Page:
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In June, the International Trade and Industry Minister Ong Ka Chuan warned passing the bill would cause investors to reconsider their place in Malaysia. “Our trade will be affected and this will be detrimental to our economic fundamentals,” he said.

Even more striking are the warnings that calls for hudud are part of a creeping Islamisation that will breed extremism. In testimony to the US congress on assessing the threat terrorist group Islamic State posed to Southeast Asia, Joseph Liow of the Brookings Institution think tank said “the climate of religious conservatism and intolerance [in Malaysia] has created fertile conditions for [Islamic State’s] ideology to gain popularity”.

Malaysian Prime Minister Najib Razak attends the annual congress of his party, the United Malays National Organisation. Photo: AFP

Malaysian Prime Minister Najib Razak attends the annual congress of his party, the United Malays National Organisation. Photo: AFP

While stressing that supporters of hudud were generally non-violent, Badrul Hisham Ismail, of Iman Research, said they nevertheless shared a strand of thought with the terrorist group. “It’s that perception that by going back to so-called pure Islam, you can solve problems – crime, corruption, socio-economic problems,” Badrul said.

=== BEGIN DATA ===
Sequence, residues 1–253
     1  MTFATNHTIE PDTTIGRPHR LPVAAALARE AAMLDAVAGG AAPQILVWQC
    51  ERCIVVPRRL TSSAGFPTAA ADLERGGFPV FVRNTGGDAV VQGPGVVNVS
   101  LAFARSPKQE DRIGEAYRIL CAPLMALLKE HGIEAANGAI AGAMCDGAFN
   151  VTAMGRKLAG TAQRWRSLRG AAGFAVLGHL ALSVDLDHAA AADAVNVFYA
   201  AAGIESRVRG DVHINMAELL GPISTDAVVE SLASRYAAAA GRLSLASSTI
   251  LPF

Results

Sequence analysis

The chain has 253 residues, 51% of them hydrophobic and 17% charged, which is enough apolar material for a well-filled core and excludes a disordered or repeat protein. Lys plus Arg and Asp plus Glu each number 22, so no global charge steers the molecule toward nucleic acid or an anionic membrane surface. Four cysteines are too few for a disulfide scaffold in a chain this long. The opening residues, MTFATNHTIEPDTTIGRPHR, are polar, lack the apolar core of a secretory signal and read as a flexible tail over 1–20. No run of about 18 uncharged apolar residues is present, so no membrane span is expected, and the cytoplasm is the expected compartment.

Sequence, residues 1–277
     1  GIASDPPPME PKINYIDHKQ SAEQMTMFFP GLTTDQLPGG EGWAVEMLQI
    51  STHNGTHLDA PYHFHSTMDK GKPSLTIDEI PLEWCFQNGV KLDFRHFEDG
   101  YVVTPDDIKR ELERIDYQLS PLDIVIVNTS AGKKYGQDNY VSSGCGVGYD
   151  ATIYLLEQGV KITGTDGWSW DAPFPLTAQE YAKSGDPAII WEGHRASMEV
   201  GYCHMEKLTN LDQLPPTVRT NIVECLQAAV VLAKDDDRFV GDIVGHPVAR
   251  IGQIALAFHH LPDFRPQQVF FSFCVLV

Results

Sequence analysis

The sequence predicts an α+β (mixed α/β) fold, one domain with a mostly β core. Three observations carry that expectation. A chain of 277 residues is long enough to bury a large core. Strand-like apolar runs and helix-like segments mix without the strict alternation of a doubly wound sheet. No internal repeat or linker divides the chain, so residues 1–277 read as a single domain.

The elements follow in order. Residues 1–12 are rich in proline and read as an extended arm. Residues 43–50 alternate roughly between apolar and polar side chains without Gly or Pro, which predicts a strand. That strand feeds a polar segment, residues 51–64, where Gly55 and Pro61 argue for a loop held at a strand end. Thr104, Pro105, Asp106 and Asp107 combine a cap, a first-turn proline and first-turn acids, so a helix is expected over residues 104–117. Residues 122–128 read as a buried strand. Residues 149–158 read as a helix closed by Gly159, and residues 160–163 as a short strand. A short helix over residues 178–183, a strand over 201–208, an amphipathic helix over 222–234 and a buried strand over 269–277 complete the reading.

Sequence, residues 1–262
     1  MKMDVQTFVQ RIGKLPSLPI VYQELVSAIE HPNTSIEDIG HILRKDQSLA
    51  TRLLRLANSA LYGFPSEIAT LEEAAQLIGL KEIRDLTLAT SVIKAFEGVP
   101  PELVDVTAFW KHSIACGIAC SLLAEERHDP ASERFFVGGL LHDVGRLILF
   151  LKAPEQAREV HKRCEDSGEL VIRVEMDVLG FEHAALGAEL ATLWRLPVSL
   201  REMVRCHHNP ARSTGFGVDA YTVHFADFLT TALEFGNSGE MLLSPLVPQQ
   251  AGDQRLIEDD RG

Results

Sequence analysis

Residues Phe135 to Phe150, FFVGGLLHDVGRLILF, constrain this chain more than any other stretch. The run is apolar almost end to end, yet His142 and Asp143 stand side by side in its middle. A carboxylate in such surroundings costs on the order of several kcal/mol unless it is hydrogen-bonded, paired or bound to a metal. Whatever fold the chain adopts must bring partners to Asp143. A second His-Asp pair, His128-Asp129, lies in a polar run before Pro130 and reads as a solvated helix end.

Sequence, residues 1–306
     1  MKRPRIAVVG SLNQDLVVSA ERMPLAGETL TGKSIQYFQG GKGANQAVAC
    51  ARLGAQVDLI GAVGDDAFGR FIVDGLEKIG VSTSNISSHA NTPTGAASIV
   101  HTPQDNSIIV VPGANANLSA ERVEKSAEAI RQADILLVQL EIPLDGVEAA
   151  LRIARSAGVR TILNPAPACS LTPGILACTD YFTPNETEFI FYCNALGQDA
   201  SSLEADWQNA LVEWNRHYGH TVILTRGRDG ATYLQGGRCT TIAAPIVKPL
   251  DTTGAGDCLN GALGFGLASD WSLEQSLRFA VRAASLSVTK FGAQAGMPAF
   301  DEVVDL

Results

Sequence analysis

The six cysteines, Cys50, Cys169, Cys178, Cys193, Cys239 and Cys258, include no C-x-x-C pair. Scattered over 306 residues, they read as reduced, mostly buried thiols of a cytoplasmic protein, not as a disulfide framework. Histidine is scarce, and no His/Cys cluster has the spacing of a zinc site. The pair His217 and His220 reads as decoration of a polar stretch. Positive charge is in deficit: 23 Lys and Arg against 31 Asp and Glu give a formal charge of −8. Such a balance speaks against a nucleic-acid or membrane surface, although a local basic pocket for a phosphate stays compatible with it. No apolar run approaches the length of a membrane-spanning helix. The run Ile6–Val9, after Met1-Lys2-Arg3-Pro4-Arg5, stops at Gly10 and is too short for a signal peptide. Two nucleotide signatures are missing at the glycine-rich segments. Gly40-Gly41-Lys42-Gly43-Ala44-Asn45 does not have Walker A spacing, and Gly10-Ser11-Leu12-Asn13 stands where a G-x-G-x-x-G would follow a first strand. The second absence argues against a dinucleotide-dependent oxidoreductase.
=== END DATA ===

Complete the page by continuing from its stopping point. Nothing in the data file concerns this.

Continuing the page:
The PAS brushes such warnings aside. “Investors will be assured if a country practices a system and laws that are just and transparent with zero corruption,” said the party’s information chief Nasrudin Hassan. “That is what Islam wants to build, through sharia law.”

The debate must be seen against a backdrop of decades of division on the issue, which reaches to the heart of Malaysia’s parallel legal system.

While Malaysia’s secular federal laws are based on the common law legal system inherited as a result of the country’s colonisation by Britain in the early 19th century, the constitution gives individual states the authority to legislate for offences and punishment of Muslims, except for matters already covered by federal law. This parallel sharia system covers matters like family law, religious observances and offences not covered by federal law such as adultery, false accusation of adultery, intoxication and heresy. Offences like theft, robbery, rape, murder, incest and unnatural sex are dealt with by the Federal Penal Code and hence off-limits for the states.

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The constitution also limits sharia courts in the penalties they can impose. The Sharia Courts (Criminal Jurisdiction) Act 1965 imposes limits of a maximum of three years jail, fines of up to RM5,000 (HK$8,700) and whippings of up to six lashes.

It is these limits that the latest bill seeks to change – it envisages limits of a maximum of 30 years’ imprisonment, fines of up to RM100,000 and 100 lashes.

In 1993 and 2002, the state legislatures of Kelantan and Terengganu approved the use of hudud punishments such as amputation, stoning and crucifixion for offences such as theft, robbery, fornication, sodomy, false accusation of fornication, drinking and heresy.